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Winter Storm Shifting From the Central U.S. to the Northeast; Severe Thunderstorms in the South

A winter storm will track to the Lower Mississippi River Valley by Monday and across the central Appalachians Monday night to southern New England by Tuesday. A swath of snow, sleet and freezing rain will spread from the Central Plains east into southern New England by Monday and Tuesday. Severe thunderstorms with damaging winds and tornadoes are possible over the northern Gulf Coast on Monday. Read More >

Beginning Tuesday, December 3rd, the KABR WSR-88D radar operated by the NOAA National Weather Service in Aberdeen, SD will be down for three to five days for the refurbishment of the transmitter. Although the form, fit, and function of the transmitter will remain the same, old breakers and cables original to the radar will be replaced with modern fuses and new cables.  This will help keep the radar, originally installed in 1994, operating smoothly for another 20 years. The radar is expected to be back in service by Saturday, December 7th.

 

This is the Transmitter update portion of the NEXRAD Service Life Extension Program, a series of upgrades and replacements that will keep our nation’s radars viable into the 2030’s. The KABR WSR-88D is part of a network of 159 operational radars. The Radar Operations Center in Norman, Oklahoma, provides lifecycle management and support for all WSR-88Ds. NOAA National Weather Service, the United States Air Force, and the Federal Aviation Administration are investing $150 million in the seven-year program.  The Service Life Extension Program will be completed on all radars nationwide in 2023.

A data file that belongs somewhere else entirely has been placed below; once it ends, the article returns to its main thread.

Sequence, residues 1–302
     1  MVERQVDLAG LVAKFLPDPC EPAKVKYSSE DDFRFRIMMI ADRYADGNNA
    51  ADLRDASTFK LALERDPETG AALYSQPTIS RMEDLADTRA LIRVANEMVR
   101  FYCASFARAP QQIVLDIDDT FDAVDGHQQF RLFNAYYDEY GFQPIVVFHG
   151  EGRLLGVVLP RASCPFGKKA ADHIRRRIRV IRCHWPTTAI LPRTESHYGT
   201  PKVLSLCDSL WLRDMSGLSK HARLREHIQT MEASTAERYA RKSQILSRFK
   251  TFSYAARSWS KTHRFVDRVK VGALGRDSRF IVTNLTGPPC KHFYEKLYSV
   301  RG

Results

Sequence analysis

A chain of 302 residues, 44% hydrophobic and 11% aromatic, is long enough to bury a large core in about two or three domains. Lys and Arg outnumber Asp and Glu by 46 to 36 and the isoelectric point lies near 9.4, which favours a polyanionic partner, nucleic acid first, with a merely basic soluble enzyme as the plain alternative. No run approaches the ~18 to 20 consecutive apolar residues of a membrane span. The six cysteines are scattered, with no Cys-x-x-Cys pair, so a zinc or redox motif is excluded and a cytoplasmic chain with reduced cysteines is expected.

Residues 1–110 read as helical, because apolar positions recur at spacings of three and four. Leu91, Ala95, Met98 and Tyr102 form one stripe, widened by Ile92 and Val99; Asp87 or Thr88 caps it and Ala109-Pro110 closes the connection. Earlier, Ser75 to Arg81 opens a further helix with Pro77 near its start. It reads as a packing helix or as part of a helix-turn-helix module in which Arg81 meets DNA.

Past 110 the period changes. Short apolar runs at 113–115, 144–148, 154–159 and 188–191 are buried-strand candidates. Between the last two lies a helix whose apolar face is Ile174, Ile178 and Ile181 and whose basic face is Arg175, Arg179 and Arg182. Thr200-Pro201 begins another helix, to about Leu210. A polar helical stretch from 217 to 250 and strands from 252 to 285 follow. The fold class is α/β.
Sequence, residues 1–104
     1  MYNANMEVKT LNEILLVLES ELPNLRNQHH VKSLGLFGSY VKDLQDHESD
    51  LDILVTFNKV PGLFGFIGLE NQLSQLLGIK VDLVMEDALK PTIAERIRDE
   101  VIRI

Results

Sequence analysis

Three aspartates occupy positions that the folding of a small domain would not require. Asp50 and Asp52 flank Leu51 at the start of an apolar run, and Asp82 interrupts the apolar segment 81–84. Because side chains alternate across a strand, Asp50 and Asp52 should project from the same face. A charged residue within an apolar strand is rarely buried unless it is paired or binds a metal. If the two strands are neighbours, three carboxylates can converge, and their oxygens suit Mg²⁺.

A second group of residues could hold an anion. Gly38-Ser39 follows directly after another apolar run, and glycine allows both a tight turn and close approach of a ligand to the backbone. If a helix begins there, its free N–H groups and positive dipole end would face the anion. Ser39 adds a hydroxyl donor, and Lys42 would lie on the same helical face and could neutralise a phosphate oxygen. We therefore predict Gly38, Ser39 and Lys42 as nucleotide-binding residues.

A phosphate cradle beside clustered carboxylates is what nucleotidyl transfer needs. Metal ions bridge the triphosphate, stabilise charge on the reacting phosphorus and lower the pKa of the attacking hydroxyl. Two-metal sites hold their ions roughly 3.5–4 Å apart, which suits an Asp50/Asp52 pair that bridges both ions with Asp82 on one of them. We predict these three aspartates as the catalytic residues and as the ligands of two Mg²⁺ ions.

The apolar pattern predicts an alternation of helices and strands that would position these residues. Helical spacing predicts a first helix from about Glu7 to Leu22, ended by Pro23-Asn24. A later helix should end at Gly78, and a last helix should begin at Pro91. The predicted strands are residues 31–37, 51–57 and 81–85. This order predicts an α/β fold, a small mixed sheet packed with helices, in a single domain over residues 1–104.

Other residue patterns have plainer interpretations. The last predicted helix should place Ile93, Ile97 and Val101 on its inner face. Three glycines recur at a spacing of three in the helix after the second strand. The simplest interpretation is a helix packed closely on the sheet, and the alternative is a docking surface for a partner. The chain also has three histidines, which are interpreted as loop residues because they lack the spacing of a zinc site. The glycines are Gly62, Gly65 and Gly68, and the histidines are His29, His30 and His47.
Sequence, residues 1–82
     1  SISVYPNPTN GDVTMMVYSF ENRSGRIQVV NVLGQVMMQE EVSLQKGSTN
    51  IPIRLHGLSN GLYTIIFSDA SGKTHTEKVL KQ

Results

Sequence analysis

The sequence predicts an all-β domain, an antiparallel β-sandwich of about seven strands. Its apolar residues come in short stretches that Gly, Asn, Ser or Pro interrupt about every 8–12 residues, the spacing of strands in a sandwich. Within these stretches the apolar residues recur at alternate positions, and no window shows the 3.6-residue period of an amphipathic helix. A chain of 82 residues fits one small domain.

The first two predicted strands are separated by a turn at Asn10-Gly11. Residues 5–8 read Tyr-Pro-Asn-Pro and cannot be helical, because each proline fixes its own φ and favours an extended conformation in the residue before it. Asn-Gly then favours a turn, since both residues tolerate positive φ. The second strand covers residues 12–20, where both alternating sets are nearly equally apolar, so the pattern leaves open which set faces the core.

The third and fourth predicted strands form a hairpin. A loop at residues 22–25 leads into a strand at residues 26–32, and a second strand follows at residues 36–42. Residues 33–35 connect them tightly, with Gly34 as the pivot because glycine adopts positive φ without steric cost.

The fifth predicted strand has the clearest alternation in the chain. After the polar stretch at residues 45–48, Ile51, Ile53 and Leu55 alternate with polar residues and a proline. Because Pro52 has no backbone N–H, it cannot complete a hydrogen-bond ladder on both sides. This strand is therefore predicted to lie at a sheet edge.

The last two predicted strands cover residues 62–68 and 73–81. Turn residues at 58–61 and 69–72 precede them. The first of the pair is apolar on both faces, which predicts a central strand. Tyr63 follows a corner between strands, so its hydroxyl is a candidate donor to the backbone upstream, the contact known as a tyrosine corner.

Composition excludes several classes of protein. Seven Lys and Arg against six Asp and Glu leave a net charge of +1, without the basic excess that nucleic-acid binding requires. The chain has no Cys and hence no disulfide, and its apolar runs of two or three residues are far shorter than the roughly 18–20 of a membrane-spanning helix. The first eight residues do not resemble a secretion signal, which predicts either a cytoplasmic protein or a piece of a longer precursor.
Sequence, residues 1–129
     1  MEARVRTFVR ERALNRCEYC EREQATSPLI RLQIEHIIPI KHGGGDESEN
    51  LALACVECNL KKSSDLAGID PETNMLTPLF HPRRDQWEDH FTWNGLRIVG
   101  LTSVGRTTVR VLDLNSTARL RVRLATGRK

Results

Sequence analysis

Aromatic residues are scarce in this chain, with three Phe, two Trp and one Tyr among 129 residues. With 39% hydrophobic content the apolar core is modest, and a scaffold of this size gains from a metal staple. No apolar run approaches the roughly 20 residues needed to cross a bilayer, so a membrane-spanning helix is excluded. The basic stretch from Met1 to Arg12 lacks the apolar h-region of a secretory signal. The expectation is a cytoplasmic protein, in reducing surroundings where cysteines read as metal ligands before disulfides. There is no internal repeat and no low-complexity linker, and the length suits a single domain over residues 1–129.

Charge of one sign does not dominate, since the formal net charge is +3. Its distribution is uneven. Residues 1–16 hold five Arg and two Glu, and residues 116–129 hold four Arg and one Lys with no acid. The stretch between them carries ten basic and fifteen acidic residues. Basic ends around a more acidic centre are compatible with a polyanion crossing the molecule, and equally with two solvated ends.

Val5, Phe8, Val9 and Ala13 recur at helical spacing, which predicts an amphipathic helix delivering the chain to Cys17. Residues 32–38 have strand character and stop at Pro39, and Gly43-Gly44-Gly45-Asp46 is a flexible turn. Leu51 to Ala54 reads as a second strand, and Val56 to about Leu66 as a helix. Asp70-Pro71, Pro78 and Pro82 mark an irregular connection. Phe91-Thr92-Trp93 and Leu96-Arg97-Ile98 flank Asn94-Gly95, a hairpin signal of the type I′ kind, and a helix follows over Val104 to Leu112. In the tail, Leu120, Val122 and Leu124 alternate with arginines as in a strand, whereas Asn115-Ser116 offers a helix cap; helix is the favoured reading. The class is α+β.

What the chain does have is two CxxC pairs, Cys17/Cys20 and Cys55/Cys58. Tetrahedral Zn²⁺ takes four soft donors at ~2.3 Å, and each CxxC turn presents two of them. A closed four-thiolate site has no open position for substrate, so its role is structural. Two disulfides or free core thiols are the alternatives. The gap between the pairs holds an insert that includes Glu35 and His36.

During the downtime, data from adjacent NWS radars will be available, including: Grand Forks, ND, Bismarck, ND, Minneapolis, MN, Sioux Falls, SD, and Rapid City, SD. Data from any of these surrounding radar sites can be selected via the website: radar.weather.gov.

 

During the outage, our office will still perform our standard level of operations and continue to issue necessary hazardous weather warnings and advisories. Meteorologists will be able to utilize neighboring radars; multi-radar multi-sensor (MRMS) derived products, GOES high-resolution satellite data, as well as weather spotter reports.